New recruit has big dreams for cancer immunotherapy
Immunotherapy for cancer is on the brink of breakthroughs. Learn how NIBR have high expectations for this medical science.
Mar 30, 2015
An oncologist by training, Glenn Dranoff fell into the field of immunology in the mid-1990s after his residency and clinical fellowship. He was working as a postdoc at the Whitehead Institute, where he was using new cloning technologies to study how blood forms, when a surprising observation changed the course of his career. The research team accidentally triggered an immune attack on tumor cells, killing the miscreants.
Glenn Dranoff, Global Head of Immuno-Oncology, Novartis Institutes for BioMedical Research
“We ended up stumbling across a strategy of cancer vaccination that seemed to work in mice,” Dranoff explains. “I thought that we might be able to apply this approach to cancer patients, and that’s what I set out to do as a faculty member after finishing my postdoc.”
Fast forward 20 years. Dranoff is still obsessed with using the immune system to fight cancer, but now he’s in good company. With clinical successes mounting, immunotherapy is poised to become a cornerstone of cancer treatment. To capitalize on this opportunity and bring new medicines to the clinic, the Novartis Institutes for BioMedical Research recently launched a research group focused on Immuno-oncology, recruiting Dranoff from the Dana-Farber Cancer Institute and Harvard Medical School to lead it. The group will build on recent acquisitions and collaborations—including a new deal with the biotech company Aduro—to transform promising research into treatments.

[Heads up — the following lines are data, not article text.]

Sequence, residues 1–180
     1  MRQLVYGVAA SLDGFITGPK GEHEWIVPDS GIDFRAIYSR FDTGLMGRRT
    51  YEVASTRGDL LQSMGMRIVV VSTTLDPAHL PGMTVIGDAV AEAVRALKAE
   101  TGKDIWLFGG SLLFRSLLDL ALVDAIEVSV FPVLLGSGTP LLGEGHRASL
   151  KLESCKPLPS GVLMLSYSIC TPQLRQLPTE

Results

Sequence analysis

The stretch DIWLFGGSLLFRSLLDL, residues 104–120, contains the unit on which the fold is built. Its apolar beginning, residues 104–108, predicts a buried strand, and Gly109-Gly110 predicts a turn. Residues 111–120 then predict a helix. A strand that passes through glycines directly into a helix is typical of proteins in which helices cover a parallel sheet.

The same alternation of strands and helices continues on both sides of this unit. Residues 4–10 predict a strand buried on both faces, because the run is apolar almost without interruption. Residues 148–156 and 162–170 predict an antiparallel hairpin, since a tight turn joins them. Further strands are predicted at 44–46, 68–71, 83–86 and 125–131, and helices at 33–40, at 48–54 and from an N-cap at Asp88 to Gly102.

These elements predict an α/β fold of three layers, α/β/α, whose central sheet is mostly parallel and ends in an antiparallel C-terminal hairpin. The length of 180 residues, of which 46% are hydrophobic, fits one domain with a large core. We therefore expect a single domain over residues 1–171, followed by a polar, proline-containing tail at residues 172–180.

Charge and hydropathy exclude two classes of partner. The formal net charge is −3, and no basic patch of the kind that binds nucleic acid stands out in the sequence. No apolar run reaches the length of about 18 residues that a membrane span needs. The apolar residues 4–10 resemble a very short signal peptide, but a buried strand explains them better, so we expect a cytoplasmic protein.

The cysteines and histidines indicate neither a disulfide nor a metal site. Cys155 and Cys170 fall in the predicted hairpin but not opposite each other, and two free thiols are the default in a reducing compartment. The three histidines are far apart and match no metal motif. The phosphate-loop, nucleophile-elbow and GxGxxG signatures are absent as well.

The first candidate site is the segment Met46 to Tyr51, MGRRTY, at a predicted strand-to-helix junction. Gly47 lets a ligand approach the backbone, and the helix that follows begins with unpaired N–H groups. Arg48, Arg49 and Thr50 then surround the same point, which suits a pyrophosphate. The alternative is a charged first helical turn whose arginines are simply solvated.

Dranoff and his partners will explore therapeutic approaches that fall into three main categories. First, they’ll search for ways to “prime” or “educate” the immune system, so that it can recognize a threat. Second, they’ll attempt to unleash immune cells that have already been primed. This is called immunomodulation. And finally, they’ll find ways to make the tumor microenvironment more hospitable to immune cells, which must infiltrate the diseased tissue to be effective.
“These categories cover the major mechanisms that tumors use to thwart an immune attack, and we plan to address all of them,” says Dranoff.
The team is off to a running start. Dranoff brings with him cancer vaccine research, which falls into the first category. And—spurred by the 2014 acquisition of a startup called CoStim—Novartis is already investigating “checkpoint inhibitors,” which fall into the second category. The new collaboration with Aduro focuses on the tumor microenvironment.
Novartis is also pursuing treatments that bypass conventional immune activation through a collaboration with the University of Pennsylvania. Investigators extract T cells from patients and reengineer them to recognize and destroy cancer.